But the piano had always been there, in the background, a rather frustrating itch which could not be scratched because my father sold my piano when I left home and I had no instrument on which to practise. I occasionally played a friend’s grand piano but lack of practise led to frustration, and it was not until my mother bought me a half-decent digital piano that my passion for the instrument was rekindled. It was gratifying to discover that music I’d learnt in my teens was still “in the fingers”, if rather rusty, and I began to enjoy the routine of practising once again. Around the same time, I started going to concerts regularly again, something I had enjoyed as a child with my parents, and into my teens, reacquainting myself with repertoire I knew and loved and making new discoveries. A chance conversation with a friend in the school playground while waiting to collect our children led me into piano teaching – that was 10 years ago…..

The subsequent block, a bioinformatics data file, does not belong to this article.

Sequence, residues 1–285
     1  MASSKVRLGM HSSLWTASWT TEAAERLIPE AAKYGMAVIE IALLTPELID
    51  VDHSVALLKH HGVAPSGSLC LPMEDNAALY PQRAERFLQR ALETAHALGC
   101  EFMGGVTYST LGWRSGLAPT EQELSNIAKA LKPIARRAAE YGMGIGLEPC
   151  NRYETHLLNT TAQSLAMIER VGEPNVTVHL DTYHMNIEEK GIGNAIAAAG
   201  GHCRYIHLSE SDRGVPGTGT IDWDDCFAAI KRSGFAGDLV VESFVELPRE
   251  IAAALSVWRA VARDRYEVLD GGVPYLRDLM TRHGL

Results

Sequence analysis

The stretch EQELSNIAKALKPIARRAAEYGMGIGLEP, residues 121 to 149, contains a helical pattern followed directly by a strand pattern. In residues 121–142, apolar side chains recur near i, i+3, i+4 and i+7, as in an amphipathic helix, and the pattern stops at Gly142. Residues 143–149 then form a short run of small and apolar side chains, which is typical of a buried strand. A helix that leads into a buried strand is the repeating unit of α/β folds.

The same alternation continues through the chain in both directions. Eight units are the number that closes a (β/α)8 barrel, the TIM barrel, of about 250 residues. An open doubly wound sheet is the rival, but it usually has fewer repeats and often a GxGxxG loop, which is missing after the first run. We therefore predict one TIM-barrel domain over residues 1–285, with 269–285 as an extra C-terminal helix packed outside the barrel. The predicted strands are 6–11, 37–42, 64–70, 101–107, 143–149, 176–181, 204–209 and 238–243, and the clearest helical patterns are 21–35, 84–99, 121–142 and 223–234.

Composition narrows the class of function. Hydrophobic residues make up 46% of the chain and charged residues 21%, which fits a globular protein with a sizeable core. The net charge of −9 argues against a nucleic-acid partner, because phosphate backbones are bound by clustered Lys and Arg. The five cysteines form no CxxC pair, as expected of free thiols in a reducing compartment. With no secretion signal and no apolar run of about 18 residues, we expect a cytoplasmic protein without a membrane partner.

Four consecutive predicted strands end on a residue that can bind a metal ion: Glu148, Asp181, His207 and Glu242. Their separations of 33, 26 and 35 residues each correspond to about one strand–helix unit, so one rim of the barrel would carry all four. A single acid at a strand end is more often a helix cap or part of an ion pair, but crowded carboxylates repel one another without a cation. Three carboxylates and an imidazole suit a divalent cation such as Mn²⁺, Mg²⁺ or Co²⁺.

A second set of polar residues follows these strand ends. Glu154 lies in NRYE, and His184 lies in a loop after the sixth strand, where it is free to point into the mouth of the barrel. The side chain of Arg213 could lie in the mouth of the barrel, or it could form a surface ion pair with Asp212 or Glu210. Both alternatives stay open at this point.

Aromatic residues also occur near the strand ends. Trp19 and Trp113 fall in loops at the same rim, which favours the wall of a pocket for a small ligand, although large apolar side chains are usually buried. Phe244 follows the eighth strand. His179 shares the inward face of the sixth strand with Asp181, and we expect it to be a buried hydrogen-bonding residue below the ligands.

Alongside this, I felt it was important to improve my own playing, and in 2008 I returned to regular lessons with a concert pianist and professor of piano at one of London’s leading conservatoires. It was daunting initially: I had not been taught for nearly a quarter of a century, and lots of bad habits from my teens and lack of technique were quickly exposed, but the teacher was sympathetic and supportive, and it was satisfying to see my playing improve rapidly under her guidance. Because I had not had a formal musical training at 18, I always (and still do) felt I was trying to catch up with those who’d had that education, and this was a major motivation for taking an external performance diploma, in addition to the desire to continually improve my playing by setting myself the personal challenge of preparing for the diploma. And so in December 2011, some 28 years after I last stepped into a piano exam room, I took my Associate diploma in piano performance. The Licentiate diploma followed in 2013. Both experiences were entirely positive (in complete contrast to some rather uncomfortable exam experiences as a child): I enjoyed the challenge of learning and finessing the repertoire, researching and writing programme notes, and learning how to be a performer (for one is assessed not just on one’s playing but also on stagecraft and presentation, just as in a formal professional concert), and above all, I enjoyed studying with a teacher again and the self-imposed routine of regular practising. Since 2013, I perform quite regularly, in solo concerts and in joint recitals with friends and colleagues. Learning to manage and understand performance anxiety has been a big part of my development as a pianist, and an aspect I know many others struggle with, which is why I organise workshops for adult amateur pianists on coping with anxiety and developing good stage craft.